A huge crowd has crammed into New York’s Times Square – amid tight security – to take part in traditional New Year’s Eve festivities, and welcome in 2010.
Revellers, watched by a worldwide TV audience, shrugged off snow and rain to attend the massive annual gathering in the heart of Manhattan.
The descent of the multi-colored Waterford crystal ball marked the final moments of 2009 in a more-than-century-old tradition before a ton of confetti showered on the cheering crowd.
Partygoers on the square exchanged kisses, whooped and swayed to the rhythm of feel-good patriotic and classic songs as fireworks from Central Park lit up the Manhattan skyline.
Security tight in Times Square
For the security services, however, this was no time to relax.
New York is on a heightened state of alert following the Christmas Day alleged attempt by a Nigerian man to detonate explosives on a Northwest Airlines plane flying to Detroit.
Thousands of police officers were deployed in and around Times Square, backed by undercover officers, surveillance cameras, rooftop snipers, and devices able to detect radiation or biological agents.
Partygoers crowding into Times Square were not allowed to carry backpacks or alcohol and were banned from re-entering the zone once they had left.
Jitters increased on Wednesday when police sent bomb disposal experts to check a van parked for two days in Times Square.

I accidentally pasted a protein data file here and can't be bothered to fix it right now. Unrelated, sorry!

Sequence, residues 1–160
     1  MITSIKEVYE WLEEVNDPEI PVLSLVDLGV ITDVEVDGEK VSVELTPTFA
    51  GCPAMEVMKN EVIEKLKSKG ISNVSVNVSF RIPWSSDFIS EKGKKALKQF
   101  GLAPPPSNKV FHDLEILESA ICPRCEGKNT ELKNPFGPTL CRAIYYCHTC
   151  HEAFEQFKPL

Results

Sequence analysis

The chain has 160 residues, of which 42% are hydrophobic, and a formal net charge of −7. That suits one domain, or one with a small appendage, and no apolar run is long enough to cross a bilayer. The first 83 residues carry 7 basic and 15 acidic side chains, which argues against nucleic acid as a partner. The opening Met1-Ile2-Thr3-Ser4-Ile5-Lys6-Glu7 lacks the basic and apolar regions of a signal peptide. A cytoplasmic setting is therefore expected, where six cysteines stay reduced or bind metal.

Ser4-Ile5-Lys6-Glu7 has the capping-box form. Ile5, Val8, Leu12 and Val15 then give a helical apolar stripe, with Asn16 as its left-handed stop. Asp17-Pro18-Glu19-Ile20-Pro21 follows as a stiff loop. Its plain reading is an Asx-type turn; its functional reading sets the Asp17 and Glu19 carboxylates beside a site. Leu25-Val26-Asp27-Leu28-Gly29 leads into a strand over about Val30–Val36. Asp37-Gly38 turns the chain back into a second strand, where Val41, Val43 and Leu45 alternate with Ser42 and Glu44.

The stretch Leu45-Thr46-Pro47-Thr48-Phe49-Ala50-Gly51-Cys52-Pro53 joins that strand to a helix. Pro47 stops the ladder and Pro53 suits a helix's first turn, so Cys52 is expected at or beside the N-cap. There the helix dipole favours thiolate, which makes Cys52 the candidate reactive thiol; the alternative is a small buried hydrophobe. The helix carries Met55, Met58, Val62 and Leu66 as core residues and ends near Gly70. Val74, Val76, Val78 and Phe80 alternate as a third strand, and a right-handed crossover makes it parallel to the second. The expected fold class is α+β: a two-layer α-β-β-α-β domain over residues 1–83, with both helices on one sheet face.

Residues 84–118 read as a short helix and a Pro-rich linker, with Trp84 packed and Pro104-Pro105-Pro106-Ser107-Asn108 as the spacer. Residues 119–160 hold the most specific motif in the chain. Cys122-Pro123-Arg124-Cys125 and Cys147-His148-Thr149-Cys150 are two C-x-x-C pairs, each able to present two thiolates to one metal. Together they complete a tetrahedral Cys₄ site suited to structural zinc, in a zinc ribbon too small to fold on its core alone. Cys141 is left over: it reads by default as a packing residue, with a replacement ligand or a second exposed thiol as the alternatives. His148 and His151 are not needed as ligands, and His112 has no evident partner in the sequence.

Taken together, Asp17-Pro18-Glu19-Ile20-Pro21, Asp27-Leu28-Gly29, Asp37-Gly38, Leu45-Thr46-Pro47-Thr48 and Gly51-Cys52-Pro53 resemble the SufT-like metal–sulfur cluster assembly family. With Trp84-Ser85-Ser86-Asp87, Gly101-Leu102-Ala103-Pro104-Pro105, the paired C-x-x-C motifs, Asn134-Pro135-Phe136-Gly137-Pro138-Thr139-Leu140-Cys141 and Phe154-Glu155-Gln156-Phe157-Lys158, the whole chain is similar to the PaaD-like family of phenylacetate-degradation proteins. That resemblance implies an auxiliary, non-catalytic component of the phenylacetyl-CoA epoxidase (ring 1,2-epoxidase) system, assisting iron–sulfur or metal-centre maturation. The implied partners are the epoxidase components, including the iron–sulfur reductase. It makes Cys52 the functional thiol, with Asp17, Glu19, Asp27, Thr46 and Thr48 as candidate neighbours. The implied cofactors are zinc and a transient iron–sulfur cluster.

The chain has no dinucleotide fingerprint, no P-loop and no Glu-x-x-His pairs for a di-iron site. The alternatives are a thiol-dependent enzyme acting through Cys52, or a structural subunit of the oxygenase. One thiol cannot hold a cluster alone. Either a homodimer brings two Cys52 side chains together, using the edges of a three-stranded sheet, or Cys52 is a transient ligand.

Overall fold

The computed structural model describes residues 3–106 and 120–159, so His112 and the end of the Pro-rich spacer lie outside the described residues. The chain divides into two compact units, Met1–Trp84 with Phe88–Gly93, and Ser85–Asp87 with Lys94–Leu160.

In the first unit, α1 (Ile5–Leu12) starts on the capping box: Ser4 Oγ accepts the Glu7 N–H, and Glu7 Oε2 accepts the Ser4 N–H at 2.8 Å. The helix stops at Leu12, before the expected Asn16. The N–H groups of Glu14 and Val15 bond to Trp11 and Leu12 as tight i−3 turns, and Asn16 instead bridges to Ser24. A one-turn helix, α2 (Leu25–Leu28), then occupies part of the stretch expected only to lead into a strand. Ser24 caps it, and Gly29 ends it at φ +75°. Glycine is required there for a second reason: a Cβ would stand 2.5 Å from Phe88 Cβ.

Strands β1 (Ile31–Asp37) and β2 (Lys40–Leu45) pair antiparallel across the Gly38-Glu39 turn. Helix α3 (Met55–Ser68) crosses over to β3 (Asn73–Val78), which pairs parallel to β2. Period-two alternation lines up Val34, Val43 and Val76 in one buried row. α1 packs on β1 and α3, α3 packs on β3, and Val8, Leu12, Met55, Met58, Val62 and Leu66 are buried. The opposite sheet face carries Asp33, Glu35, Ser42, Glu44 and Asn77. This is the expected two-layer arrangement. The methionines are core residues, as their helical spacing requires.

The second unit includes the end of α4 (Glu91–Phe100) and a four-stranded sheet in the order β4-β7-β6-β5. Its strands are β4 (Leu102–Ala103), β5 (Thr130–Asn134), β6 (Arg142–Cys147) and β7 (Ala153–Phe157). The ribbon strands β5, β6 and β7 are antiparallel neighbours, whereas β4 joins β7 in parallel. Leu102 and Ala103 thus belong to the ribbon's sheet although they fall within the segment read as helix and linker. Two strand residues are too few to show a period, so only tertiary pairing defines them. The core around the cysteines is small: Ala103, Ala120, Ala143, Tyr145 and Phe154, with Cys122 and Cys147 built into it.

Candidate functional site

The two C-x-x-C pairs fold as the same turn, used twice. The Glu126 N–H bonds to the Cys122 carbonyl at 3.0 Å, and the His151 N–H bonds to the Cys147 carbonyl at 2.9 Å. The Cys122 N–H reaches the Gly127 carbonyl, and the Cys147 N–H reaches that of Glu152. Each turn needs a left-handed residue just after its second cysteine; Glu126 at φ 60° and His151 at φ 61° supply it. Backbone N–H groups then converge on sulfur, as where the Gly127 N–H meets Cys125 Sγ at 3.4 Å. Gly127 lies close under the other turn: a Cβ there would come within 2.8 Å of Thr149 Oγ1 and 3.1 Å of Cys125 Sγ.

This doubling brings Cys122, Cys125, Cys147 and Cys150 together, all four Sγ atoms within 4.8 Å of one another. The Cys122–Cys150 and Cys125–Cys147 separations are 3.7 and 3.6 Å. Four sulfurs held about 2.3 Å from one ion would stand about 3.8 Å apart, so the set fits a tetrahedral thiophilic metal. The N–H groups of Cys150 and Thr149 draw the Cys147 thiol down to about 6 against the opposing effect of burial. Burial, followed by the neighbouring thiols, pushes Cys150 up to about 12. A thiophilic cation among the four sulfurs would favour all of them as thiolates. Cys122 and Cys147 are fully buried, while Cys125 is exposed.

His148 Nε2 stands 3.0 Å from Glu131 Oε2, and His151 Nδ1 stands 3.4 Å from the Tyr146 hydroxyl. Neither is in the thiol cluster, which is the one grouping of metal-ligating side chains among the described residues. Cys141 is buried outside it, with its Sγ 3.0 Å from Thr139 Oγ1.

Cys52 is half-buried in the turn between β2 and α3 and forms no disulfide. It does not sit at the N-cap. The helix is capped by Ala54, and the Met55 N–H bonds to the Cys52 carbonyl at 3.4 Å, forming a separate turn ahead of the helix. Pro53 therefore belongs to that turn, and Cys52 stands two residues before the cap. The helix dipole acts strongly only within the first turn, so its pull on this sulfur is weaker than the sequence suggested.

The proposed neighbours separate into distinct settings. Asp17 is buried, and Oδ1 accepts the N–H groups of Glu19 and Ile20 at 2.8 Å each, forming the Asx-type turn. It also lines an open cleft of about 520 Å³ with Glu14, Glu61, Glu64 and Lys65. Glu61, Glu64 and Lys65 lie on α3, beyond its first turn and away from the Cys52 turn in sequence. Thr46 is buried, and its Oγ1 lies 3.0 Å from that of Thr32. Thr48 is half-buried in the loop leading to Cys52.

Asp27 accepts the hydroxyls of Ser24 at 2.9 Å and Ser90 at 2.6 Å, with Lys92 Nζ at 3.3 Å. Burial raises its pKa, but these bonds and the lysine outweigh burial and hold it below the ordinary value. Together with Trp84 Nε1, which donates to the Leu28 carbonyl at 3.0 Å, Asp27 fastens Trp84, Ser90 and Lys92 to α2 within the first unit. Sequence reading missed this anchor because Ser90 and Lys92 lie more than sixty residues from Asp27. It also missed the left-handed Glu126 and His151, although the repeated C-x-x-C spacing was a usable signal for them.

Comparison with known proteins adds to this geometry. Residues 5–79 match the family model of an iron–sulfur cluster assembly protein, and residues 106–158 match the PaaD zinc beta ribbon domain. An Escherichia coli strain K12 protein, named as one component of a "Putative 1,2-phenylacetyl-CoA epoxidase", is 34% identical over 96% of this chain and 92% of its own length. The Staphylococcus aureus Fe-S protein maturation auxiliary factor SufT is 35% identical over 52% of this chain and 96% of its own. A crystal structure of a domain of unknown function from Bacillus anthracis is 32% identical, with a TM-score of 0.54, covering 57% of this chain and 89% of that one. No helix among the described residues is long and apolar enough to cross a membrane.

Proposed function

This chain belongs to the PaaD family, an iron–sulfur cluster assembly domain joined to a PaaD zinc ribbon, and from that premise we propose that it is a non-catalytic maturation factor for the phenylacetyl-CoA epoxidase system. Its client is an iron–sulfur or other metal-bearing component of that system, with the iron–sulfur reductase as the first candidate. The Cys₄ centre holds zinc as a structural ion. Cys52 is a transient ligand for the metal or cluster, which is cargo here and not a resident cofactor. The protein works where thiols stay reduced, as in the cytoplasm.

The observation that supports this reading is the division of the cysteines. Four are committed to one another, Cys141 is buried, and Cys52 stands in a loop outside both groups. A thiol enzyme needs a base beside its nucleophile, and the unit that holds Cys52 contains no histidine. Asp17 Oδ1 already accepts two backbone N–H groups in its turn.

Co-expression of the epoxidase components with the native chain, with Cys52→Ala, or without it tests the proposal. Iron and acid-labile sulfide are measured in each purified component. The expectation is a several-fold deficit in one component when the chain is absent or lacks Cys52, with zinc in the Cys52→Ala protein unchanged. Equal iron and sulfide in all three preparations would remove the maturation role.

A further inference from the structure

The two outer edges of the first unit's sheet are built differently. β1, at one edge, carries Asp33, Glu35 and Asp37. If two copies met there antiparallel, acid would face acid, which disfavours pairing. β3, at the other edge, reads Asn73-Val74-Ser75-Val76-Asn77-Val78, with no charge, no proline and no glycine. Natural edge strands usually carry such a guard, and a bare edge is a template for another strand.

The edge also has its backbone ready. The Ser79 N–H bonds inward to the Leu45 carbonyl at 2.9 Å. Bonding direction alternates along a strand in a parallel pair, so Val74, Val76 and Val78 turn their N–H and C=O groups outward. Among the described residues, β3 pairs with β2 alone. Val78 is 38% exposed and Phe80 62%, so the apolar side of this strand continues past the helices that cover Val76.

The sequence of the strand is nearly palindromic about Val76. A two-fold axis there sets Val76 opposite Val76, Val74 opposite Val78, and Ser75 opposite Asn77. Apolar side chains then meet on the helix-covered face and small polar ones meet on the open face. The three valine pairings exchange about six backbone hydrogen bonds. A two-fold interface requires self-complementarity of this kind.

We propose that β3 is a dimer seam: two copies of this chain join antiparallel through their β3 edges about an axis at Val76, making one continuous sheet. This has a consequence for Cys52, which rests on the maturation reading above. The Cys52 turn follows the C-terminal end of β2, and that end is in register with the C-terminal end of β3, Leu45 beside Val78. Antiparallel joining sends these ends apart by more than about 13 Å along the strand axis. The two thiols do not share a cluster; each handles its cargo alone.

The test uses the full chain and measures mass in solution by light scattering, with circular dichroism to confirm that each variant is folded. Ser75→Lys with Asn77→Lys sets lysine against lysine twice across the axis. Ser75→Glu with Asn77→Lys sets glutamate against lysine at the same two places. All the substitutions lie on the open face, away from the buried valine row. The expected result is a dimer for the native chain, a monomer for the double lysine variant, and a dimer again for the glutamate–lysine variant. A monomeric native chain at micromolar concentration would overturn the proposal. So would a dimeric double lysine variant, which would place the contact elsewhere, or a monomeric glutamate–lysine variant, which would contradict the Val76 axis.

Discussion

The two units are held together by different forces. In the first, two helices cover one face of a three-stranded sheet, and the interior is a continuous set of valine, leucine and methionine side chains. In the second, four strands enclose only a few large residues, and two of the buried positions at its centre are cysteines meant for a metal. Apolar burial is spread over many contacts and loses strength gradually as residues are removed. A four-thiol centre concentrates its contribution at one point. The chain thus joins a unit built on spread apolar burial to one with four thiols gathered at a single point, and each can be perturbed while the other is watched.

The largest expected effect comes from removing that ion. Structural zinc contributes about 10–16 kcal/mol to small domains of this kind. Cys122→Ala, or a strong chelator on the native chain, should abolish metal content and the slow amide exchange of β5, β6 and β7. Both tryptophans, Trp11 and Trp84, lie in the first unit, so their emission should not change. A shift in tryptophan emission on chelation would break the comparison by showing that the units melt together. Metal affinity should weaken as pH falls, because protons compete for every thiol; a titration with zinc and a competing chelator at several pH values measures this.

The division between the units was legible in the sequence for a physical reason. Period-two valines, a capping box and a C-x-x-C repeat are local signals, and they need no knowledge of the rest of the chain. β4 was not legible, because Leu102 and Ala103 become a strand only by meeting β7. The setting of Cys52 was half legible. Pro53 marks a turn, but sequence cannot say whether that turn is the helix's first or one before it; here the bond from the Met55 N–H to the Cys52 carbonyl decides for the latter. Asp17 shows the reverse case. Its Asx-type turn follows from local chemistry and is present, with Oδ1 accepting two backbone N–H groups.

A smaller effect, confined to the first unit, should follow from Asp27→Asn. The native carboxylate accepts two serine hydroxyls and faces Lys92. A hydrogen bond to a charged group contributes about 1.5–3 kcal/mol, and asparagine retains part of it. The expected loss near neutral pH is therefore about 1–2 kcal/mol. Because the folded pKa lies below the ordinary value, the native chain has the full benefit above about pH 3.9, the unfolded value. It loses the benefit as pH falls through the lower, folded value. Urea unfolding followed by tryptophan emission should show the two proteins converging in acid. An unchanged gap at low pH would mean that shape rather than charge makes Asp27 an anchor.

Massive police presence
The van was declared all clear shortly after, but not before police had evacuated the area, including the Nasdaq stock market building.
City police commissioner Ray Kelly told CBS television the failure to detect the van earlier was “a concern.” But Kelly insisted that Times Square was “the safest area” in the city.
“There will be a big uniformed presence and lots of unseen officers in plain clothes, radiation sensors,” police spokesman Paul Browne said on Fox television.
It was “probably the most protected real estate in the city, or even the country, for that matter,” he said.
New York State Governor David Paterson and Governor Jon Corzine of neighboring New Jersey announced their respective police agencies would step up cooperation.
“While there have been no known threats in the region, both governors agreed that extra security measures should be taken as a precaution,” they said.
The ball, which slides down a pole for 60 seconds and stops at exactly midnight, is a favorite New York tradition and is watched live on television by viewers all around the world.
Mayor Michael Bloomberg, who will be sworn in for a third term on Friday after a narrow re-election victory in November, pressed the button that sets the ball in motion.
This year the arrangement of crystals featured a ribbon pattern in a Celtic-style knot illustrating the theme chosen by organizers: “Let there be courage”.
Earlier, millions of partygoers gathered in Moscow, London, Paris, Tokyo and Sydney to ring out 2009 and welcome in the new decade, with massive fireworks displays and parties.